aaa7e455-0562-4b4c-94f5-ec29c74b1bfe
Gadola, Stephan D.
ef2fa6cf-2ccc-4fea-a7a5-cc03a9d13ab1
Djukanović, Ratko
d9a45ee7-6a80-4d84-a0ed-10962660a98d

Hinks, Timothy, Zhou, Xiaoying, Staples, Karl J., Dimitrov, Borislav D., Manta, Alexander, Petrossian, Tanya, Lum, Pek Y., Smith, Caroline G., Ward, Jon A., Howarth, Peter H., Walls, Andrew F., Gadola, Stephan D. and Djukanović, Ratko (2015) Innate and adaptive T cells in asthmatic patients: relationship to severity and disease mechanisms. Journal of Allergy and Clinical Immunology, 136 (2), 323-333. (doi:10.1016/j.jaci.2015.01.014). (PMID:25746968)

Record type: Article

Abstract

Background

Asthma is a chronic inflammatory disease involving diverse cells and mediators whose interconnectivity and relationships to asthma severity are unclear.

Objective

We performed a comprehensive assessment of TH17 cells, regulatory T cells, mucosal-associated invariant T (MAIT) cells, other T-cell subsets, and granulocyte mediators in asthmatic patients.

Methods

Sixty patients with mild-to-severe asthma and 24 control subjects underwent detailed clinical assessment and provided induced sputum, endobronchial biopsy, bronchoalveolar lavage, and blood samples. Adaptive and invariant T-cell subsets, cytokines, mast cells, and basophil mediators were analyzed.

Results

Significant heterogeneity of T-cell phenotypes was observed, with levels of IL-13–secreting T cells and type 2 cytokines increased at some, but not all, asthma severities. TH17 cells and ??-17 cells, proposed drivers of neutrophilic inflammation, were not strongly associated with asthma, even in severe neutrophilic forms. MAIT cell frequencies were strikingly reduced in both blood and lung tissue in relation to corticosteroid therapy and vitamin D levels, especially in patients with severe asthma in whom bronchoalveolar lavage regulatory T-cell numbers were also reduced. Bayesian network analysis identified complex relationships between pathobiologic and clinical parameters. Topological data analysis identified 6 novel clusters that are associated with diverse underlying disease mechanisms, with increased mast cell mediator levels in patients with severe asthma both in its atopic (type 2 cytokine–high) and nonatopic forms.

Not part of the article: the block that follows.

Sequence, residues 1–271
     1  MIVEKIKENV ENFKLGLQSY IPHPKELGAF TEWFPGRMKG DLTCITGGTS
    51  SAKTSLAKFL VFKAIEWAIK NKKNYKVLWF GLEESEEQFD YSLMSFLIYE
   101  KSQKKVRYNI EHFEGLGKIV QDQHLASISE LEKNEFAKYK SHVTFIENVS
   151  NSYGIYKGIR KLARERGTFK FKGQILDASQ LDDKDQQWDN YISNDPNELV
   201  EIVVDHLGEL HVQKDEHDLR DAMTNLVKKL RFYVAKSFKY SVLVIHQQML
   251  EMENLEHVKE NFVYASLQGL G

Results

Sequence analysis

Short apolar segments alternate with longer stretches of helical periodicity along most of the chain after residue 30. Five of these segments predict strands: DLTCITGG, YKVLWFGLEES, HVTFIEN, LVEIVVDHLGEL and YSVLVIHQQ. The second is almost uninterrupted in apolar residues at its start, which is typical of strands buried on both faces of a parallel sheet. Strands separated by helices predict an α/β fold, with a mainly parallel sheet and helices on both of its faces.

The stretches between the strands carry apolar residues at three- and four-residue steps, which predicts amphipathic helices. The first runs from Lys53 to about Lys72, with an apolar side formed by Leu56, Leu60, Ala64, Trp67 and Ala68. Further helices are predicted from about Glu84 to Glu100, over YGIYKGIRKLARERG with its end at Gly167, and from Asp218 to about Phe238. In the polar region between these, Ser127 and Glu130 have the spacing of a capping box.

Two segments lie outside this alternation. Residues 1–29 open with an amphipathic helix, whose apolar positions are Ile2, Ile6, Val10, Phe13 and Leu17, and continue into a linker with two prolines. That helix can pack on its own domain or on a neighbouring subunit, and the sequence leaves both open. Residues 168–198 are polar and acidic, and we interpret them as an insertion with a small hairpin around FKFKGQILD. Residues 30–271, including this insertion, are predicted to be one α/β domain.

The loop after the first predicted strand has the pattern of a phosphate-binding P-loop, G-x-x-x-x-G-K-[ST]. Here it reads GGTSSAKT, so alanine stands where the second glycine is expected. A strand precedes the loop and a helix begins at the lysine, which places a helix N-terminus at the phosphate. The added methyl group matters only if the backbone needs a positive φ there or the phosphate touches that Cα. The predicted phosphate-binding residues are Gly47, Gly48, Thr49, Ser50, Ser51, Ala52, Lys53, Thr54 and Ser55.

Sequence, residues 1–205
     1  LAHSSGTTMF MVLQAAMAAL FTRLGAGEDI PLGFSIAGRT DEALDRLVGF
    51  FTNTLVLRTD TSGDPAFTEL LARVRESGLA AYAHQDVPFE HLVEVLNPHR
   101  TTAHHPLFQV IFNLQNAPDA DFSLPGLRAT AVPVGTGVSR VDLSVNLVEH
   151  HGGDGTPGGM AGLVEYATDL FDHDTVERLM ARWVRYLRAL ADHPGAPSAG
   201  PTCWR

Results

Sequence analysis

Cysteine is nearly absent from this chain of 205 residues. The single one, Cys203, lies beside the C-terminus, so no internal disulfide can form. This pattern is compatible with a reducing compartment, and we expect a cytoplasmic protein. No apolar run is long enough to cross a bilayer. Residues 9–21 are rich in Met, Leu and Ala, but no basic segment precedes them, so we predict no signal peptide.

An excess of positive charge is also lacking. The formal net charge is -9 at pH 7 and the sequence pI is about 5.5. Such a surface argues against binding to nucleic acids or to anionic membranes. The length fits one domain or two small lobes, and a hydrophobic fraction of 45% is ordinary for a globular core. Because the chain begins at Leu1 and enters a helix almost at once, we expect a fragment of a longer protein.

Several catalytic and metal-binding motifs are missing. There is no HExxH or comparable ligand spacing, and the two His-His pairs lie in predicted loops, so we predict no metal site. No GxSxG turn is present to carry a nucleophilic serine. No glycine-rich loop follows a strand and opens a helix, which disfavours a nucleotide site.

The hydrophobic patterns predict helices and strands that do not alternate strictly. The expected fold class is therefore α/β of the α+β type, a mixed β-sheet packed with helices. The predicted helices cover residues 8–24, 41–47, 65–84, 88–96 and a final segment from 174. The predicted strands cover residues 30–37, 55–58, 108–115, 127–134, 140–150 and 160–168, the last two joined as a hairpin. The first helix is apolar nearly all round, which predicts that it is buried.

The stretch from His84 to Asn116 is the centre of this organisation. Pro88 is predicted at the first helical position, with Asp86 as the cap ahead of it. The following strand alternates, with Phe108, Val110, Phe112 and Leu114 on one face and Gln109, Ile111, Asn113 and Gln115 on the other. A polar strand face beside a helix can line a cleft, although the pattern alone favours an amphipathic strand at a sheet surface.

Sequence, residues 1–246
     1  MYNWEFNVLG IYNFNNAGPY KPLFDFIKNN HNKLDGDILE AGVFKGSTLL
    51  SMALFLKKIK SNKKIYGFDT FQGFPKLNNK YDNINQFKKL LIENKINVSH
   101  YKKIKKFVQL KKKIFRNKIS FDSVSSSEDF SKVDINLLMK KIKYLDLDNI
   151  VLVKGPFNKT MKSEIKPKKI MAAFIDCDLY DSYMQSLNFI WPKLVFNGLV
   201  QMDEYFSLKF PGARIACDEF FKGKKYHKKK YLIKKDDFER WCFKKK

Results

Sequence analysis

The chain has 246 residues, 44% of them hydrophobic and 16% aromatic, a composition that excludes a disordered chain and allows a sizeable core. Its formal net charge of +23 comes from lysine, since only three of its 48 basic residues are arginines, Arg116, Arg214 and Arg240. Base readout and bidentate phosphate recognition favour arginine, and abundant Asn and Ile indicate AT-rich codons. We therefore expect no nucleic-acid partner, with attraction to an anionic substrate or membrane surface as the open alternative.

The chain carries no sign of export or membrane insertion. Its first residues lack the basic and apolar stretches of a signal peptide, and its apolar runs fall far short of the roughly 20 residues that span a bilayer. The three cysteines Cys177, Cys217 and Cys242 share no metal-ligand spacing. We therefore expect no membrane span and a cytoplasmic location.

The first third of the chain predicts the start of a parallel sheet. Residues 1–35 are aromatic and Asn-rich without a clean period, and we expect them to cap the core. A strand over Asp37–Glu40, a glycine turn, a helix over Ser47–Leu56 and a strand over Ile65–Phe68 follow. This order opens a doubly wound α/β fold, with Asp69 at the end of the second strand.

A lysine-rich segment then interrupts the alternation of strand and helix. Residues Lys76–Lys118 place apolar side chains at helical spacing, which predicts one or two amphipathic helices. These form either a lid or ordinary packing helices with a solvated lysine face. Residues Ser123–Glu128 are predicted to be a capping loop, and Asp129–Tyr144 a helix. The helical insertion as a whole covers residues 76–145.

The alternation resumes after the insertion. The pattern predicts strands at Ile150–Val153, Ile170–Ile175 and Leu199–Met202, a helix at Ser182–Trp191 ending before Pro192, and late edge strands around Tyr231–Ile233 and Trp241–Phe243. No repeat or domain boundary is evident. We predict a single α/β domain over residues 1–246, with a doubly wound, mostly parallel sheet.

Conclusion

The evidence for a role for TH17 cells in patients with severe asthma is limited. Severe asthma is associated with a striking deficiency of MAIT cells and high mast cell mediator levels. This study provides proof of concept for disease mechanistic networks in asthmatic patients with clusters that could inform the development of new therapies.

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More information

Accepted/In Press date: 16 January 2015
e-pub ahead of print date: 5 March 2015
Published date: August 2015
Keywords: asthma, T lymphocytes, cytokines, mast cells, phenotype, endotype, regulatory T, TH17, TH2, mucosal-associated invariant T-cell
Organisations: Primary Care & Population Sciences, Clinical & Experimental Sciences

Identifiers

Local EPrints ID: 375590
URI: https://eprints.soton.ac.uk/id/eprint/375590
ISSN: 0091-6749
PURE UUID: a58e591b-f2f1-45b6-9f83-a14c7a760171
ORCID for Karl J. Staples: ORCID iD orcid.org/0000-0003-3844-6457
ORCID for Ratko Djukanović: ORCID iD orcid.org/0000-0001-6039-5612

Catalogue record

Date deposited: 30 Mar 2015 11:37
Last modified: 22 Jun 2018 00:37

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Contributors

Author: Timothy Hinks
Author: Xiaoying Zhou
Author: Karl J. Staples ORCID iD
Author: Borislav D. Dimitrov
Author: Alexander Manta
Author: Tanya Petrossian
Author: Pek Y. Lum
Author: Caroline G. Smith
Author: Jon A. Ward
Author: Andrew F. Walls
Author: Stephan D. Gadola